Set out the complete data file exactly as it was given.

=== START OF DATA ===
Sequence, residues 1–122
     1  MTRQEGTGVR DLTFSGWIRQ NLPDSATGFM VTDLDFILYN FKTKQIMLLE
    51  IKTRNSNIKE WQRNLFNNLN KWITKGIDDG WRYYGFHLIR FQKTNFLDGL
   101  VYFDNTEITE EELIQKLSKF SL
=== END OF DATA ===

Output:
Sequence, residues 1–122
     1  MTRQEGTGVR DLTFSGWIRQ NLPDSATGFM VTDLDFILYN FKTKQIMLLE
    51  IKTRNSNIKE WQRNLFNNLN KWITKGIDDG WRYYGFHLIR FQKTNFLDGL
   101  VYFDNTEITE EELIQKLSKF SL